Hugo made landfall near Charleston, S.C., around midnight on Sept. 22, 1989 as a Category 4 Hurricane.
Hugo came ashore with winds of 135-140 mph. The residents of Sullivan's Island, S.C., suffered the most significant damage due to the strong winds and high storm surge. Nearly all of the homes on Sullivan's Island were left uninhabitable.
Storm surge from Hugo ranged from 11.9 to 19.8 feet along the coast of South Carolina.
In the town of Charleston, most of the downtown buildings were damaged. Hurricane force winds were recorded as far inland as western North Carolina.
The power outages in the Carolinas were extensive. Immediately after Hugo moved through, there was nearly no electricity running east of Interstate 95 in South Carolina, according to an emergency report from the Strom Thurmond Institute.
When Hugo hit the U.S., it was the strongest storm to hit in the previous 20 years. Damages climbed to $7 billion and at least 49 people were killed by direct impacts of Hugo.
To view more damage pictures and read memories from people impacted by Hugo, follow the links below:
Some of the warmest weather of the year will continue across Alaska over the next few days, challenging more records.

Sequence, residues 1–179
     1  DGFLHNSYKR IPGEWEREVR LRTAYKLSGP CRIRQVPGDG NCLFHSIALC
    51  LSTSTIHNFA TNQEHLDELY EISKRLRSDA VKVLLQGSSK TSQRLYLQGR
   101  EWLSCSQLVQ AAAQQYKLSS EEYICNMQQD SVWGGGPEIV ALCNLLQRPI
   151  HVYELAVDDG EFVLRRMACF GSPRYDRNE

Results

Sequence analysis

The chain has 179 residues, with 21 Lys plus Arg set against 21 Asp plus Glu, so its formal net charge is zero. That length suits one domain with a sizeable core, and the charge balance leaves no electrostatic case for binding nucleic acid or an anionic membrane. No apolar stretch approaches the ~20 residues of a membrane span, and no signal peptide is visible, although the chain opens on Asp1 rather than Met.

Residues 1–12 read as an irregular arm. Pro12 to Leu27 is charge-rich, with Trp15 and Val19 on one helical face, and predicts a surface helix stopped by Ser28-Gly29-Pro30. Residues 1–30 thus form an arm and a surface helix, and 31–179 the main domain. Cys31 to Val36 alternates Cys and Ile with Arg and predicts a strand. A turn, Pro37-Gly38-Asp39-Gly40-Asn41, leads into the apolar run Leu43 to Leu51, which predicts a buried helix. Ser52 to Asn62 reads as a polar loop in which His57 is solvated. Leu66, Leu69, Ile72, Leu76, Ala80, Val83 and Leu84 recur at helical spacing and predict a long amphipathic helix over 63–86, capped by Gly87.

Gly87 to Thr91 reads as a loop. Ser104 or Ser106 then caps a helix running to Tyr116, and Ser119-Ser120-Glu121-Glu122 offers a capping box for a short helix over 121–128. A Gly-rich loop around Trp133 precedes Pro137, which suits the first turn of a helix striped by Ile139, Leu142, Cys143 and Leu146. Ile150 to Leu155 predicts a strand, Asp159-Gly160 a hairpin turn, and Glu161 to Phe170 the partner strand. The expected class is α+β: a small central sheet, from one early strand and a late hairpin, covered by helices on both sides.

Join us on Thursday for AccuWeather LIVE, we will discuss the debate of climate change and hurricane frequency and the top five things you need to know about summer weather.
Warmth is forecast to build over much of the eastern half of the nation by July, with Alaska of all places helping out.
A brief synopsis of the top five worst weather events of last summer.
The storms could affect cities from St. Louis to Evansville, Ind., Louisville, Ky., Cincinnati and Dayton, Ohio to Huntington, W.Va.
A tornado touched down at Denver International Airport as a severe weather system moved through the area.
A violent tornado started west of the Hudson River, then travelled on to Poughkeepsie, Waterbury, North Haven, Milford, and Branford line into Long Island Sound. Extensive damage; funnel looked like an "aurora borealis." At New Milford, 28 buildings were destroyed or damaged. A barn door was carried 9 miles from its original site.
Central Illinois (1964)
19th-20th) Hail as large as grapefruits battered more than 50 counties, causing crop and property damage totalling $9.2 million.
New Brunswick, NJ (1835)
Great New Brunswick Tornado; 5 dead, 17-mile path through the center of town; in all, 145 buildings were damaged. This is the worst tornado catastrophe in New Jersey history to date.